Luu v. New Rez, LLC – 4/12/2022

June 1, 2022

Arizona Court of Appeals Division One holds that a bankruptcy discharge does not trigger the statute of limitations for a debt action.

A borrower used a deed of trust on his property to secure a promissory note.  The note was to be paid in installments, with the balance due January 1, 2031.  The deed gave the lender the option to accelerate the note upon the borrower’s default.  The borrower defaulted, but the lender did not accelerate the debt.

The borrower filed for bankruptcy and received a discharge.  When the lender declined the borrower’s request to release the lien on the property, the borrower sued, arguing the statute of limitations had run on the lender’s ability to exercise its remedies.

In granting the lender’s motion to dismiss, the superior court held that because discharge does not maturate a note, it cannot commence the limitations period.  The Court of Appeals affirmed.

A bankruptcy discharge does not extinguish an entire debt.  A discharge extinguishes the debtor’s personal liability, thereby barring an action in personam against him.  It does not, however, extinguish a valid lien or security agreement—a lender may still initiate an action in rem to, for example, foreclose on a deed of trust.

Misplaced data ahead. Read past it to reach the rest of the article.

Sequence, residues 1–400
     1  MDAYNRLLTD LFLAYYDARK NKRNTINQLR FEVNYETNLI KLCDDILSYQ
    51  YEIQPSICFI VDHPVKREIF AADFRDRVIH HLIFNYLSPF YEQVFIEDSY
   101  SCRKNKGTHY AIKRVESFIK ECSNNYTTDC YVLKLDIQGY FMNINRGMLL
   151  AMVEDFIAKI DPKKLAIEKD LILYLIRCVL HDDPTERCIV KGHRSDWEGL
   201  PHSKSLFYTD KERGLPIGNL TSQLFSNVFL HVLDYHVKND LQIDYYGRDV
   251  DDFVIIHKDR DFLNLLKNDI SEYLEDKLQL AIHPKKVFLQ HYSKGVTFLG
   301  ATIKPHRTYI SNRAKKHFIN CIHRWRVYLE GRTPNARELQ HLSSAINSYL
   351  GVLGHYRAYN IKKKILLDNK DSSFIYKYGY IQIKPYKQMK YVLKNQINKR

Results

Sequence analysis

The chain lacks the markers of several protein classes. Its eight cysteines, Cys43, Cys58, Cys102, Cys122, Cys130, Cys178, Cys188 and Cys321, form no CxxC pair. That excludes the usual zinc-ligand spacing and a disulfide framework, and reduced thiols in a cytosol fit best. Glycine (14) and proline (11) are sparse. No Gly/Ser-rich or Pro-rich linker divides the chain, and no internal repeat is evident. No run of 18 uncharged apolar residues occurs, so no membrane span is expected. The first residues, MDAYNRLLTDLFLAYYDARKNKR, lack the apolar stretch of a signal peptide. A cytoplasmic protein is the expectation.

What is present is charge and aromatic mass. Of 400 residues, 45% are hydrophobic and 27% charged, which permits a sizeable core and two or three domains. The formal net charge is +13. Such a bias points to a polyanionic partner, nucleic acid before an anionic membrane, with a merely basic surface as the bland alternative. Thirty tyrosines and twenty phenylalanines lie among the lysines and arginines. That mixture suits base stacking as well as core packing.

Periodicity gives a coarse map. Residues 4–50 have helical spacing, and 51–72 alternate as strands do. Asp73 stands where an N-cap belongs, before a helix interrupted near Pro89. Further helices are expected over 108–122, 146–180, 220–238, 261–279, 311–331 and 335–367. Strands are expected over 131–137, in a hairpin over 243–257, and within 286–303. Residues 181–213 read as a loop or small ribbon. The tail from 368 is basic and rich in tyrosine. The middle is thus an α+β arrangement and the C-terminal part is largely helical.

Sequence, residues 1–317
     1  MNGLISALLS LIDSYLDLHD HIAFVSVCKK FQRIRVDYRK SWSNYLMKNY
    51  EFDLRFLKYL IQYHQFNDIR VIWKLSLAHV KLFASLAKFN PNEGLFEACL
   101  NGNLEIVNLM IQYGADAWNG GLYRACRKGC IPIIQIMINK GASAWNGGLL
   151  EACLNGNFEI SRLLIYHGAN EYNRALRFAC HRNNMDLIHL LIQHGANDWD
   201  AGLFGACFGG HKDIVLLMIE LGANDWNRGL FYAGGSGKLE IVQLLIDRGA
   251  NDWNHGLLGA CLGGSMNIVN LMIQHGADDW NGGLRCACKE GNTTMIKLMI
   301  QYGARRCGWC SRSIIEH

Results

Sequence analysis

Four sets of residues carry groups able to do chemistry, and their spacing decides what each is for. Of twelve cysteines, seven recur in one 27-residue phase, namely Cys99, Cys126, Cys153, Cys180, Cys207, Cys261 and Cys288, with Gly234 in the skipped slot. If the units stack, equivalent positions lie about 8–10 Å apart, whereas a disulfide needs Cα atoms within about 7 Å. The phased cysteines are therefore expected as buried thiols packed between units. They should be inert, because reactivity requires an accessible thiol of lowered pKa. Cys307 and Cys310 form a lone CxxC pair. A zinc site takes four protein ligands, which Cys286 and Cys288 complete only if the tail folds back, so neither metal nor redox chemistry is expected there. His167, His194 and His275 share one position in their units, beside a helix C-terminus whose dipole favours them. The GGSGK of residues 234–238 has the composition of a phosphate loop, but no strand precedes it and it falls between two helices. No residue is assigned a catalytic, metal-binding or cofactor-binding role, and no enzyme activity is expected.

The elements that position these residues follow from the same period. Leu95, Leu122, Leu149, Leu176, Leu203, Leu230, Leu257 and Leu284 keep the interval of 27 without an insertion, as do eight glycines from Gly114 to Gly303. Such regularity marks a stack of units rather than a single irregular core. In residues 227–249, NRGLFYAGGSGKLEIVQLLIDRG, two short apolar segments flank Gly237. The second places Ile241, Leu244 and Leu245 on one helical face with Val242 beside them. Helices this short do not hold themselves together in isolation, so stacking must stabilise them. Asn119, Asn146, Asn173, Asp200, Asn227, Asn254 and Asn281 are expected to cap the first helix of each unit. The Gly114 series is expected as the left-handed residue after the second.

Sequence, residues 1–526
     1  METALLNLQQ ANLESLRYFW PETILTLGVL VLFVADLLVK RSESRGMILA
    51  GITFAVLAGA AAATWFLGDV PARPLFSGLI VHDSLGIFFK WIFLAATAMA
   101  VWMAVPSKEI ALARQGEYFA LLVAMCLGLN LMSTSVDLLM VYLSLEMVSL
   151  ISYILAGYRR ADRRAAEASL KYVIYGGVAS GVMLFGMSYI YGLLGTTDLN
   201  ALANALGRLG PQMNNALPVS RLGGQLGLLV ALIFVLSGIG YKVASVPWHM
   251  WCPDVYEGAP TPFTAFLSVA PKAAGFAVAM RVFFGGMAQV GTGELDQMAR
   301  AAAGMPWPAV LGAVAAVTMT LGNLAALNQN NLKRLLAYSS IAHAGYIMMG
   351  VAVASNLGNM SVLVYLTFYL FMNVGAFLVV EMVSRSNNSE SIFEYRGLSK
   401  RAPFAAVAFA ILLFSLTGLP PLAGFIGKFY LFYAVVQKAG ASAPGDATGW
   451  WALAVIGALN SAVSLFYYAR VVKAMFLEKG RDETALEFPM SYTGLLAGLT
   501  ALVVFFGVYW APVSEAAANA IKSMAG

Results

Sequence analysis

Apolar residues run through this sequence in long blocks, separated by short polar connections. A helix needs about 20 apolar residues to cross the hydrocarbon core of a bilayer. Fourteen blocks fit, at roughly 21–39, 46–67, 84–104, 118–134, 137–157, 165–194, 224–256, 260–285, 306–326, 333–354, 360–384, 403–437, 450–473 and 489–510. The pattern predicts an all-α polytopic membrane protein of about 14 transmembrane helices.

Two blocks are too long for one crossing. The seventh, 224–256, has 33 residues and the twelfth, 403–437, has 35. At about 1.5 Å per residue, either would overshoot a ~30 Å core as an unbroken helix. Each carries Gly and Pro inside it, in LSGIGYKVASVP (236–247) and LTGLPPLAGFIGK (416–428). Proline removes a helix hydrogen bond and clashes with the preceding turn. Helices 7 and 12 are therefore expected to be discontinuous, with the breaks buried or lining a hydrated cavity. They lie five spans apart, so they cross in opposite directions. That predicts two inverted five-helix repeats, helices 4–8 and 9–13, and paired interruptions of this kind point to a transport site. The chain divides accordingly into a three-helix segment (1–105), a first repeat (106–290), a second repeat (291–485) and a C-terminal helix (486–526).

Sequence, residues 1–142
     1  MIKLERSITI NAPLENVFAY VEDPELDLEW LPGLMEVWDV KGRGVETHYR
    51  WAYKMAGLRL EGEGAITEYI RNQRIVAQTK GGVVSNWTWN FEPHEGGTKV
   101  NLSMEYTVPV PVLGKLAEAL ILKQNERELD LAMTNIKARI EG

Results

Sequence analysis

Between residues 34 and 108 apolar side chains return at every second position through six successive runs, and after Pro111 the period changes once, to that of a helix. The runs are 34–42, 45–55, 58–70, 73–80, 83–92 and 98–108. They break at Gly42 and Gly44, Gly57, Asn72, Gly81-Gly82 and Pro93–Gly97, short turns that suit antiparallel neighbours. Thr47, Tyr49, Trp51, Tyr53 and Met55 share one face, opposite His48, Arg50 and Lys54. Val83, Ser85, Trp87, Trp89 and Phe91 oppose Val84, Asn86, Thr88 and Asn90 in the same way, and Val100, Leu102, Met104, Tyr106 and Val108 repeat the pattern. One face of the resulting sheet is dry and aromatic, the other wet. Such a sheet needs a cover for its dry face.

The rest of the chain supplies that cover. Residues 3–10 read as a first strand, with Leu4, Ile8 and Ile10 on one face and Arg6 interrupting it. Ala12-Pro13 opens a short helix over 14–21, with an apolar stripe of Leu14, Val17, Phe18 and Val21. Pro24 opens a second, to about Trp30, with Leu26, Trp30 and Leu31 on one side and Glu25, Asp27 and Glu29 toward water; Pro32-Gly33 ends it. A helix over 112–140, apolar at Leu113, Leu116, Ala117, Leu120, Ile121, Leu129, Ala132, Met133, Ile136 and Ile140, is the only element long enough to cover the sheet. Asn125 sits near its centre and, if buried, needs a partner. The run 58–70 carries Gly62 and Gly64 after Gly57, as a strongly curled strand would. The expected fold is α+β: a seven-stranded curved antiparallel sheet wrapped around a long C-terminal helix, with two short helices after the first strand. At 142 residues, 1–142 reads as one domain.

But the lender must initiate the action within the statutory six-year statute of limitations period for debts based in contract, which begins to run on the debt’s maturity date.

The maturity date is when the debt is due.  If, as here, an installment contract contains an optional acceleration clause, a lender can require the borrower to immediately pay the balance of unmatured future installments.  A lender’s affirmative steps to exercise the acceleration clause will trigger the statute of limitations.  If, however, the lender chooses not to accelerate the debt, the maturity date (and thus the commencement of the limitations period) remains the date the balance is due.

Here, the debtor argued the limitations period began to run when he received the bankruptcy discharge because the discharge automatically triggered the lender’s optional acceleration clause, thereby making the discharge date the maturation date.

The court disagreed, holding that a bankruptcy discharge cannot automatically trigger an acceleration clause.  The lender (or its predecessors-in-interest or other authorized party) must affirmatively initiate acceleration of the debt.  Because the lender here took no such action, the note’s maturation date is January 1, 2031, when the balance is due.

Judge Brown authored the opinion of the Court, in which Judges Howe and Furuya joined.